Midstate focus group discusses impeachment, key issues in Keystone State

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HARRISBURG, Pa. (WHTM) — A diverse group of people from across the Midstate sat down with ABC27 News Wednesday to talk about the impeachment of President Donald Trump and other key issues in the Keystone State.

The Bartlett Group, a subsidiary of Susquehanna Polling and Research, chose the group and let us ask our own questions. There were four Republicans and four others who identified as Democrat or Independent/Unaffiliated.

“In this case, they all shared one thing in common, which is they’re all interested in elections and what’s happening in our country,” Bartlett Group owner Jim Lee said.

The group first addressed President Trump’s impeachment.

“I don’t really think he’s gonna be going anywhere,” said Nathan Knaub, a Republican.

“We’re wasting millions, millions of dollars with this,” said Cephus Taylor, who identifies as unaffiliated.

“Their job is to go and do what’s best for the country without spewing this venom,” Republican Karen Young said.

The group seemed to agree the impeachment is doing more harm than good.

“It’s probably just polarized people more. Whichever side you’re on, I think it just intensified your feelings,” said independent Fred Behney.

“Nothing is getting accomplished when they’re fighting across the aisle, and I didn’t send them there to do that,” Young said.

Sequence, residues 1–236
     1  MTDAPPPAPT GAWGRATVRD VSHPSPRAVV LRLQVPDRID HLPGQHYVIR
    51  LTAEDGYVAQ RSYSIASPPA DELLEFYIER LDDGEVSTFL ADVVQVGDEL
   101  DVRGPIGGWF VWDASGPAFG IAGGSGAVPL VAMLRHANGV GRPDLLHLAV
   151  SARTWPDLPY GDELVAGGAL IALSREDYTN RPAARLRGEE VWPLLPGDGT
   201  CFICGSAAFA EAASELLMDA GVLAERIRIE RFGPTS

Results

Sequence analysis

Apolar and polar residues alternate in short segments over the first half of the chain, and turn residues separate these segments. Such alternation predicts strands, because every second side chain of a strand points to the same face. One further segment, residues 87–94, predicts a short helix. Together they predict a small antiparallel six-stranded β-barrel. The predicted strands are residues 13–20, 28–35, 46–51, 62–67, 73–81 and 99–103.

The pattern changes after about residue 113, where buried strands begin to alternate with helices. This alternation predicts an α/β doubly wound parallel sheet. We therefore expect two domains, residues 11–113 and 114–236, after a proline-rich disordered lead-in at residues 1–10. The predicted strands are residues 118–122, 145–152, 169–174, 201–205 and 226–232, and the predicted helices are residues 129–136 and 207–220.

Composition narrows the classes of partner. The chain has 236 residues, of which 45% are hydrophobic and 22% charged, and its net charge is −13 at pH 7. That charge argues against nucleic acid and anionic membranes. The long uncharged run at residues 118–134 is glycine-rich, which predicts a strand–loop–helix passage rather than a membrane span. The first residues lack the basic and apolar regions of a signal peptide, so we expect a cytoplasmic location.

The issues quickly pivoted to one’s closer to home, such as a proposal to raise the minimum wage statewide to $15 an hour.

“Giving them the opportunity to get a higher wage at some point after you’ve put in so many years or you show that you can take on more responsibility, that’s a great thing,” Democrat Shelly Scott said.

Some said they want a more gradual increase, as opposed to a state mandate.

“I don’t know what the answer is but I know that our wages need to be more in line with the cost of things,” Republican Christina Crum said.

“From an economic standpoint, the wage makes sense for the work that’s done,” Young said.

Another controversial topic the group addressed was marijuana legalization as a recreational drug. The group seemed to be split.

“It impairs just like alcohol. It’s impairment,” Taylor said.

“Marijuana is not addictive at all in leading to other drugs,” Behney said.

“I think it would open up a whole new economy. We can make clothing with it. You can do all kinds of stuff with it,” Republican Laurie McCabe said.

“We’re spending a lot of money putting people in jail on minor offenses compared to the bigger issues,” independent Jenine Mello said.

Pennsylvania’s wage gap, education inequality, and healthcare were also discussed. A common feeling the group shared was how politics has shifted toward one-liners during debates, and how politicians appear more concerned with the spotlight instead of the issues.

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